Update on NSF Grant Practices

Share This

Share/Save
Publication date: 
22 December 2014
Number: 
179

There was considerable discussion this year about the National Science Foundation’s grant practices.  There were three developments in December of note:

On December 3, NSF issued a press release entitled “National Science Foundation Updates Transparency and Accountability Practices.”  The release described a meeting of the National Science Board and a briefing by NSF Director France Cordova in which she discussed “new approaches to enhancing transparency and accountability.”  The release quotes Cordova: "Good stewardship of public resources requires ongoing examination of our processes and continuous improvement.  We will continue to convey the significance of our science and engineering research in supporting the national interest. To do this we must clearly communicate our funding rationale publicly."

The release explains:

“The guidelines for program officers in the Proposal and Award Manual now state that a nontechnical project description must explain the project's significance and importance and ‘serve as a public justification for NSF funding by articulating how the project serves the national interest, as stated by NSF's mission: to promote the progress of science; to advance the national health, prosperity and welfare; or to secure the national defense.’ The titles and abstracts of NSF's awards are made public on NSF.gov.”

This Friday, the foundation’s “NSF’s Proposal and Award Policies and Procedures Guide” will be amended to include the following:

"Should a proposal be recommended for award, the PI may be contacted by the NSF Program Officer for assistance in preparation of the public award abstract and its title. An NSF award abstract, with its title, is an NSF document that describes the project and justifies the expenditure of Federal funds."

On December 10, House Science, Space and Technology Committee Chairman Lamar Smith (R-TX) issued a statement citing the above NSF release.   Smith has criticized the foundation’s grant practices.  Smith stated:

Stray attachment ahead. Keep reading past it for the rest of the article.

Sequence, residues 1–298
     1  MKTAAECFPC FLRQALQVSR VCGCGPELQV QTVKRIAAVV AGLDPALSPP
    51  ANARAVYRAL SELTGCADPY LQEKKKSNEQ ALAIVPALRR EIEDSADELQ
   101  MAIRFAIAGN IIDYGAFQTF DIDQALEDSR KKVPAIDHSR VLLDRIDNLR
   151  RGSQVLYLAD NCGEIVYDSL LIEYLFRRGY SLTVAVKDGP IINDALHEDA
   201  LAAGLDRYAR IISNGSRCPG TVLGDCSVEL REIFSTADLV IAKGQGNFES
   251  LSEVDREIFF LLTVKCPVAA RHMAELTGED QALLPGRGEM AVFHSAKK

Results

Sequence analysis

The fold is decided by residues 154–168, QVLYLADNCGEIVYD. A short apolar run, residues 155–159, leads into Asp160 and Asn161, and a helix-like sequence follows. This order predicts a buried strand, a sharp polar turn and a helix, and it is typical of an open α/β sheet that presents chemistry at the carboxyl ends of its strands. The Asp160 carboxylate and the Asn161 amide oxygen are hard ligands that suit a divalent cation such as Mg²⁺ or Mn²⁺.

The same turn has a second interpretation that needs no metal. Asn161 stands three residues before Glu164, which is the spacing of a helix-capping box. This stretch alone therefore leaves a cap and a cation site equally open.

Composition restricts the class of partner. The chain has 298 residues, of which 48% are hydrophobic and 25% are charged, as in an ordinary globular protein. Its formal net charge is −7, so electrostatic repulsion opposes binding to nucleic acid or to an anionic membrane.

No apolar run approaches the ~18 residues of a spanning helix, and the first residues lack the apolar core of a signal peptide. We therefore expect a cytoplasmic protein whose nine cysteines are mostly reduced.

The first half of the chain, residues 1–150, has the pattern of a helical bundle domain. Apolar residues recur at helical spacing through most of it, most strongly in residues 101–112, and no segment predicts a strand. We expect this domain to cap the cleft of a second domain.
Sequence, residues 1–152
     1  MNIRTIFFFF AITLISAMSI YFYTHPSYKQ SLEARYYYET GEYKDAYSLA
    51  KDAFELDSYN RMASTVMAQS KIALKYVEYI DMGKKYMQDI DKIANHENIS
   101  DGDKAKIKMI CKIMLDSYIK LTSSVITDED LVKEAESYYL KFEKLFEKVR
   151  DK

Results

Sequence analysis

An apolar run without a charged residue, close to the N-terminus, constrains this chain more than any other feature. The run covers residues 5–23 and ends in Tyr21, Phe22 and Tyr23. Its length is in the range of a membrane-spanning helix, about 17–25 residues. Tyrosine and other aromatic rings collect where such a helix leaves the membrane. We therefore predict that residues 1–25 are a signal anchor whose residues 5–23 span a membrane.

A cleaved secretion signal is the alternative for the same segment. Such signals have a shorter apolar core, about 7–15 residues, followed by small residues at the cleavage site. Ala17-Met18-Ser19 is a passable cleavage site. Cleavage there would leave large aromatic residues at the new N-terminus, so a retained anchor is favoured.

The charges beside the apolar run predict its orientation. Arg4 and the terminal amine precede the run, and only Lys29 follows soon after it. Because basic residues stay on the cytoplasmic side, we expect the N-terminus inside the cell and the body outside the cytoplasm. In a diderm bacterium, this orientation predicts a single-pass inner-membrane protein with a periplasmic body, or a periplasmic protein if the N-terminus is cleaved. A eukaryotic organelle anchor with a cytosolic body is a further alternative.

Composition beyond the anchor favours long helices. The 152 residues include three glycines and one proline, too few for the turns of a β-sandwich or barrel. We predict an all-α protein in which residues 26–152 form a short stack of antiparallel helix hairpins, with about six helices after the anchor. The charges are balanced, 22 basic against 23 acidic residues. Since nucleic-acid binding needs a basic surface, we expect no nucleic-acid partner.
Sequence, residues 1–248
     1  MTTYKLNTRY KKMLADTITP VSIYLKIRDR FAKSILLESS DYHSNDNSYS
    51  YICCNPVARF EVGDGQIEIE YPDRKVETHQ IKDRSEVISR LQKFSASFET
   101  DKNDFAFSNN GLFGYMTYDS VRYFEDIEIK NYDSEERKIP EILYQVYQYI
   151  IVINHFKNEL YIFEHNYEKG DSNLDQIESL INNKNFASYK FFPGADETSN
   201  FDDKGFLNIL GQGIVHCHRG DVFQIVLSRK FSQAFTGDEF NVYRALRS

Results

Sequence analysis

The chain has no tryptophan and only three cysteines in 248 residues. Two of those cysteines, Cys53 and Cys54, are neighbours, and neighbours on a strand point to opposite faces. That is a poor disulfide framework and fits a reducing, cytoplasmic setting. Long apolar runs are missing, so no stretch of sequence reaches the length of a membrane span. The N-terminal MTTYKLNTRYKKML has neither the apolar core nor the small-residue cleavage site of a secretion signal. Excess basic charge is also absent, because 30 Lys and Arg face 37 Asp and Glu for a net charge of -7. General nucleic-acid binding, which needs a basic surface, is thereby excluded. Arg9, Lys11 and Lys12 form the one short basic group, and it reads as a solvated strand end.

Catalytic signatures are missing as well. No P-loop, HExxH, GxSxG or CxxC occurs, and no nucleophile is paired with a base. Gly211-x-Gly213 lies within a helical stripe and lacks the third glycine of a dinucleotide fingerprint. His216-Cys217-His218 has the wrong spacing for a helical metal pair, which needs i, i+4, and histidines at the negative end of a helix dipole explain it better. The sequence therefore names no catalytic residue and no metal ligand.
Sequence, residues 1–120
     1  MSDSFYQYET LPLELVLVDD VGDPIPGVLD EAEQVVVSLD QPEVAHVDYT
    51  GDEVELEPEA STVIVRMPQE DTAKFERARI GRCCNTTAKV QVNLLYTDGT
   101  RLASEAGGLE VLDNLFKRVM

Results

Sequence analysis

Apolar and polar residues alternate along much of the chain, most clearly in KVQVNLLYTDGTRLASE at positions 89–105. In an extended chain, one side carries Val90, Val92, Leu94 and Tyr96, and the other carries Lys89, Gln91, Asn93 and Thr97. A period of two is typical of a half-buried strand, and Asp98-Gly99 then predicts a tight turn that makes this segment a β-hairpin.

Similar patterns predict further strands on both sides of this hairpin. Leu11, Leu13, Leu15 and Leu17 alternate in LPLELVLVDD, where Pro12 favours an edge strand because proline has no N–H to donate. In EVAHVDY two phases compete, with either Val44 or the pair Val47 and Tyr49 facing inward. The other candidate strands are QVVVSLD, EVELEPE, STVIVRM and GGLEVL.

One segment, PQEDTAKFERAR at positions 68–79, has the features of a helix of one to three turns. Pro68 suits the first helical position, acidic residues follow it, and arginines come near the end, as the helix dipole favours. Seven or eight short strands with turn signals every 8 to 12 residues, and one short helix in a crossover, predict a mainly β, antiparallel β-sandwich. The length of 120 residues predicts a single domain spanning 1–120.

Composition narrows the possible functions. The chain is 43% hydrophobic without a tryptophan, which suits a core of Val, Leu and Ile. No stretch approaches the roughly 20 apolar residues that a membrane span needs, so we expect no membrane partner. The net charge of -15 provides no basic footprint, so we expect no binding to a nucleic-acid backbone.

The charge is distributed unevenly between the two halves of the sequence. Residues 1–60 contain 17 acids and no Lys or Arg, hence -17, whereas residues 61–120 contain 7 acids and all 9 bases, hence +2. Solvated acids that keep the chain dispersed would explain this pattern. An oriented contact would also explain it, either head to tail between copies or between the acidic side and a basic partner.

“I am encouraged by the NSF’s announcement that it will increase transparency and accountability for taxpayer-supported scientific research. For more than a year, I have been calling for the NSF to provide public explanations for how NSF research grants are in the national interest and worthy of taxpayers’ hard-earned dollars. The NSF’s new policy is a step in the right direction. Congress and taxpayers will be eager to see how the new NSF national interest criterion is implemented.”

On December 16 the President signed the FY 2015 Consolidated and Further Continuing Appropriations Act.  The bill was silent on this matter.  There is no mention of grant practices in the overall NSF language or in the section on its Research and Related Activities except for language supportive of neuroscience research. 

In mid-May, the House report accompanying the FY 2015 Commerce, Justice, Science Appropriations Bill commented on awards made by the foundation’s Social, Behavioral, and Economic Directorate.    Some of the Directorate’s awards had been criticized by prominent House leaders, including Science Committee Chairman Smith.  Note that this language remains operable:

“Social, Behavioral and Economic (SBE) sciences.—Longstanding congressional concerns persist about the merit of activities funded through NSF’s SBE Directorate. In order to address these concerns, NSF must ensure that SBE awards are consistent with NSF’s scientific quality standards and aligned to national interests. The Committee recognizes the intrinsic value in SBE sciences and the direct responsiveness of SBE activities to Committee priorities, including studies on the effects of youth exposure to media violence and the collection of data for STEM education indicators.”

There was no language in the Senate Appropriations Committee report pertaining to SBE awards or award practices.

The Obama Administration requested a 1.2 percent increase for NSF in FY 2015.  The final bill provided an increase of twice that amount, 2.4 percent.  The Administration requested essentially flat funding for Research and Related Activities; the final bill appropriated an increase of 2.2 percent.